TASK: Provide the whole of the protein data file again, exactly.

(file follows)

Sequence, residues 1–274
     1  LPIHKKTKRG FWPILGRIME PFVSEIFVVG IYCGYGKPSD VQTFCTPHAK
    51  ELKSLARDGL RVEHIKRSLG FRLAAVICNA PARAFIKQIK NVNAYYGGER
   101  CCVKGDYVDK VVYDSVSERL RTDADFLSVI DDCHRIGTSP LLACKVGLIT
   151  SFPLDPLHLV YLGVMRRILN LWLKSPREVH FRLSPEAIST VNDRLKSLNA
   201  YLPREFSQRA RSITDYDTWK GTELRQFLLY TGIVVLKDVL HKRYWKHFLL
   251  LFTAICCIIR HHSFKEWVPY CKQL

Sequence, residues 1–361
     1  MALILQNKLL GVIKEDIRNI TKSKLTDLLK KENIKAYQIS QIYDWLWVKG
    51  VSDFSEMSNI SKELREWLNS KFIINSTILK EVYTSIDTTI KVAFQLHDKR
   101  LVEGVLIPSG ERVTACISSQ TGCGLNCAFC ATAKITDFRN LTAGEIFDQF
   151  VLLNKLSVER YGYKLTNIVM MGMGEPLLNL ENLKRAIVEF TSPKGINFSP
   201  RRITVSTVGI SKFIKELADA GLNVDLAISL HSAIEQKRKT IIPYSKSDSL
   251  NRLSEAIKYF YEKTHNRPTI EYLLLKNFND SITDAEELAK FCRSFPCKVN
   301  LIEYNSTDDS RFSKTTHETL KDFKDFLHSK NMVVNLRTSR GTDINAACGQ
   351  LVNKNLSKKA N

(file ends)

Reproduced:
Sequence, residues 1–274
     1  LPIHKKTKRG FWPILGRIME PFVSEIFVVG IYCGYGKPSD VQTFCTPHAK
    51  ELKSLARDGL RVEHIKRSLG FRLAAVICNA PARAFIKQIK NVNAYYGGER
   101  CCVKGDYVDK VVYDSVSERL RTDADFLSVI DDCHRIGTSP LLACKVGLIT
   151  SFPLDPLHLV YLGVMRRILN LWLKSPREVH FRLSPEAIST VNDRLKSLNA
   201  YLPREFSQRA RSITDYDTWK GTELRQFLLY TGIVVLKDVL HKRYWKHFLL
   251  LFTAICCIIR HHSFKEWVPY CKQL

Sequence, residues 1–361
     1  MALILQNKLL GVIKEDIRNI TKSKLTDLLK KENIKAYQIS QIYDWLWVKG
    51  VSDFSEMSNI SKELREWLNS KFIINSTILK EVYTSIDTTI KVAFQLHDKR
   101  LVEGVLIPSG ERVTACISSQ TGCGLNCAFC ATAKITDFRN LTAGEIFDQF
   151  VLLNKLSVER YGYKLTNIVM MGMGEPLLNL ENLKRAIVEF TSPKGINFSP
   201  RRITVSTVGI SKFIKELADA GLNVDLAISL HSAIEQKRKT IIPYSKSDSL
   251  NRLSEAIKYF YEKTHNRPTI EYLLLKNFND SITDAEELAK FCRSFPCKVN
   301  LIEYNSTDDS RFSKTTHETL KDFKDFLHSK NMVVNLRTSR GTDINAACGQ
   351  LVNKNLSKKA N